Talking about drugs in Beirut

Andrew Lee Butters, the Beirut correspondent for Time magazine, wrote an intriguing post about drugs in Lebanon on the Middle East Blog yesterday.  Mr. Butters has done some good stuff at Time.  Some of my recent favorites were this piece about Palestinian refugees in Lebanon and this one about Fatah and Hamas in Lebanon.  But this blog post feels a little out of whack.  It starts of with the kind of lede that is sure to attract clicks:

When my editors asked me to write a story about drug use in the Middle East, I told them that doing one from Lebanon would be easy. The country’s open borders, dysfunctional government, and modern society, means that is a regional center both for the use and production of drugs. Beirut — the party capital of the Arab world — is awash in all the usual party drugs, while there are there are hashish fields dotting the remote corners of the Bekaa Valley and meth labs in Palestinian refugee camps.

And then goes on to remind you that being a foreign correspondent is actually the dream job you think it is:

When my assistant Rami set up a preliminary interview with some small time dealers, they slipped halucinogens in his drink and then they vomited in his car. Rami had to be hospitalized.

Nor are drug users themselves terribly easy to interview. Drugs still carry enough of a social stigma, and drug penalties are harsh enough that usage is as covert as it is pervasive. On Saturday night, I went on a reporting trip to a rave hosted by the international DJ, Tiesto in a huge convention center full of teenagers clearly on extasy or worse, but didn’t see a single pill being pooped or line being snorted.

Okay, I guess the part about Rami going to the hospital doesn’t sound that great.  And yes Levi, I know that there’s a funny typo.  Also, as someone who wants to be a foreign correspondent, I should note that doing drugs and dealing with dangerous people is obviously not what it’s all about.  But you have to admit that going to a rave in Beirut is pretty sweet.  As is what comes next:

But I did have one breakthrough this past week, an interview with a major local drug dealer, conducted in Rami’s car — minus the vomit — as we drove through the southern suburbs of Beirut while being followed by two SUV’s carrying his bodyguards and while the man himself fingered a pistol every time we passed a soldier.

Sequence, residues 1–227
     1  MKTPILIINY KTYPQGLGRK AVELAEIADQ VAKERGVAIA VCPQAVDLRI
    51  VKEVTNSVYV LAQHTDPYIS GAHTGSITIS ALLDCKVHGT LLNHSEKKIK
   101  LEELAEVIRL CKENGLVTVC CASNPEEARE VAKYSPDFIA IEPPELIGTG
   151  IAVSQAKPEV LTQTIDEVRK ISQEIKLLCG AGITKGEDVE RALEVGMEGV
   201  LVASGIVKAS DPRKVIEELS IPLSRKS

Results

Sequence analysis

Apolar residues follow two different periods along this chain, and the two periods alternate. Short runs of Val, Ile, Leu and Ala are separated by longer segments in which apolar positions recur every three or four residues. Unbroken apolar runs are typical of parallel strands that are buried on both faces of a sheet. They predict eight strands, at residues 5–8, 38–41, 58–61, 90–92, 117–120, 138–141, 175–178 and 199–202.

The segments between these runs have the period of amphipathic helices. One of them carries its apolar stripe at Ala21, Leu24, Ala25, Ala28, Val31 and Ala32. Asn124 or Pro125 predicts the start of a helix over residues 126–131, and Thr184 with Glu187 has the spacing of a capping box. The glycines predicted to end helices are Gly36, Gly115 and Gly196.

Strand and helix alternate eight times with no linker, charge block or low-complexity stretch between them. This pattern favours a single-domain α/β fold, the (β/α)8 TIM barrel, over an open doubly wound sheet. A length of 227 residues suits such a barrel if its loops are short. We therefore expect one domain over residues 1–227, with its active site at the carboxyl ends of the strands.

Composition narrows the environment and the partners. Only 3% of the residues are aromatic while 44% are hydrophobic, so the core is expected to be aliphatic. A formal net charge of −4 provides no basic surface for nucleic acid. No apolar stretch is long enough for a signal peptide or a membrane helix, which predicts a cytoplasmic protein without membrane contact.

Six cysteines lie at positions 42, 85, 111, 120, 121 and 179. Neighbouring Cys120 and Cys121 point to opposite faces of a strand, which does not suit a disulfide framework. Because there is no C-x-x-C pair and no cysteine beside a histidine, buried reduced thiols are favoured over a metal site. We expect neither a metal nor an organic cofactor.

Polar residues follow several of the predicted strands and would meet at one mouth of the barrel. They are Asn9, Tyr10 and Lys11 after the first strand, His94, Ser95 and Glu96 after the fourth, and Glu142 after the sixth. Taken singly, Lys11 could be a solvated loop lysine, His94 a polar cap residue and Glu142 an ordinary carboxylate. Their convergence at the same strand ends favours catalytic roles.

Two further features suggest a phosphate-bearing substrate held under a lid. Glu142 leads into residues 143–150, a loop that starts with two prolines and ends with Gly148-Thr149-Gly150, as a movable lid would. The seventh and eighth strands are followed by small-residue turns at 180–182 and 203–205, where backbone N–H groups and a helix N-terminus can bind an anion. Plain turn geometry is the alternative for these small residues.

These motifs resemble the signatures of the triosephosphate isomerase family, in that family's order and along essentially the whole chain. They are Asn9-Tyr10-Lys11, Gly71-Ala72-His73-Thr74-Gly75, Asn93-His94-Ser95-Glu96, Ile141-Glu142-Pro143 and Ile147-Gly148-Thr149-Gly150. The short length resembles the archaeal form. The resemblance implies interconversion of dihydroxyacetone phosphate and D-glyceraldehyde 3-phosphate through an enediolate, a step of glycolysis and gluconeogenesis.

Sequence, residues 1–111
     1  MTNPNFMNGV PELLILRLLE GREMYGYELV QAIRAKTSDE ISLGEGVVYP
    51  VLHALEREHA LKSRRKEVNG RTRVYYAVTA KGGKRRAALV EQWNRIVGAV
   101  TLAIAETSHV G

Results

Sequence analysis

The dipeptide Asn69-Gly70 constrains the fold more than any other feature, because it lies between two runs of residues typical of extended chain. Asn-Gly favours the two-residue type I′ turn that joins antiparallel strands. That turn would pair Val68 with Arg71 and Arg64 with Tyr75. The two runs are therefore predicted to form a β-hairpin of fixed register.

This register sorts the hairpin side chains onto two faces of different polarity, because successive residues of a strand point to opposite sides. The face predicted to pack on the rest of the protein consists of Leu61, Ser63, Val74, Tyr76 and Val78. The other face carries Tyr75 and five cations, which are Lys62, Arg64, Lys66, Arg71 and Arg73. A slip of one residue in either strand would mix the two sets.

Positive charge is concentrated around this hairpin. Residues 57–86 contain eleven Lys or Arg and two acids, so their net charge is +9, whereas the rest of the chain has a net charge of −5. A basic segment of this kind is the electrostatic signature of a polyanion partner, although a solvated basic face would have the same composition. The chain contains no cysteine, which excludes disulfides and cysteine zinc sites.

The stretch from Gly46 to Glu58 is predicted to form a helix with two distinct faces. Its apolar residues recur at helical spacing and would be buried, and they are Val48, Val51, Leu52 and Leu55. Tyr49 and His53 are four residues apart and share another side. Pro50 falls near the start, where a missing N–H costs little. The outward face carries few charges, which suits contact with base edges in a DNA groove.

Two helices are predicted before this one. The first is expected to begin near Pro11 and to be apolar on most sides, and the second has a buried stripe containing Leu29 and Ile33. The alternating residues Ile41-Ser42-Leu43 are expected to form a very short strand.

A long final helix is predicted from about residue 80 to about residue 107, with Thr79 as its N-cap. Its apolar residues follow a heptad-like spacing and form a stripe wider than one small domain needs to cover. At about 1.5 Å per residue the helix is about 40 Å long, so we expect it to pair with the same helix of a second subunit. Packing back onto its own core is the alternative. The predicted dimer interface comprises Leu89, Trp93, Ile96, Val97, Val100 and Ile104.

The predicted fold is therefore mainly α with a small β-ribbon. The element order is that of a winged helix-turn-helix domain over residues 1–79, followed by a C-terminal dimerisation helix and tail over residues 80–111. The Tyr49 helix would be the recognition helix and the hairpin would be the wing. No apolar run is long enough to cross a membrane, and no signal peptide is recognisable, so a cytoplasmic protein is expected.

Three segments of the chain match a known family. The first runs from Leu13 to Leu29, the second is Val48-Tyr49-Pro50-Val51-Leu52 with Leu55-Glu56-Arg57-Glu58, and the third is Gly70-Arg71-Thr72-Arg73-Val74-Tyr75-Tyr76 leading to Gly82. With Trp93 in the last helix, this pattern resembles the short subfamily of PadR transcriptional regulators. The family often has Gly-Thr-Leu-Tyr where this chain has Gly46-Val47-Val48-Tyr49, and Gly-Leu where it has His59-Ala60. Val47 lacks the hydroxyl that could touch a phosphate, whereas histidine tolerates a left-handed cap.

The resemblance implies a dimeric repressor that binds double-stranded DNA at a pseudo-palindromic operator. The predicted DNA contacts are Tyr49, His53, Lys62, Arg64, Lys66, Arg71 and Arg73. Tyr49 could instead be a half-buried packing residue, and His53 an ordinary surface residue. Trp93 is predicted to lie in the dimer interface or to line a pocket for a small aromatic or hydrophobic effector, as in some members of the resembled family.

But here is where I start to get skeptical.  He reports that the “major local” drug dealer he met with told him this:

Drug trafficking in the Middle East had undergone a transformation since September 11th. Before then, the drug trade had been controlled by feuding war lords with very parochial spheres of influence. But after 9/11, counter-terrorism agencies in the region started paying more attention to drug networks, because drugs and weapons dealing go hand-in-hand, and because drug dealers typically support or at least pay protection to the major militant groups. So traffickers responded by organizing themselves into trans-national, a-political, non-competeive cartels that operate on a scale large enough to be financed and run from the Gulf  while operating money-laundering and political corruption networks  everywhere else.

I guess that’s possible.  Maybe there are transnational, noncompetitive drug cartels working across the entire Middle East.  But that’s also  exactly the kind of bullshit drug dealers like to spit.  I hope that Mr. Butters reports this story fully, because I’d like to learn more.  Until there are a couple sources behind this, I’m just going to assume it’s some punk ass wannabe talking big to the white dude.  Not uncommon.


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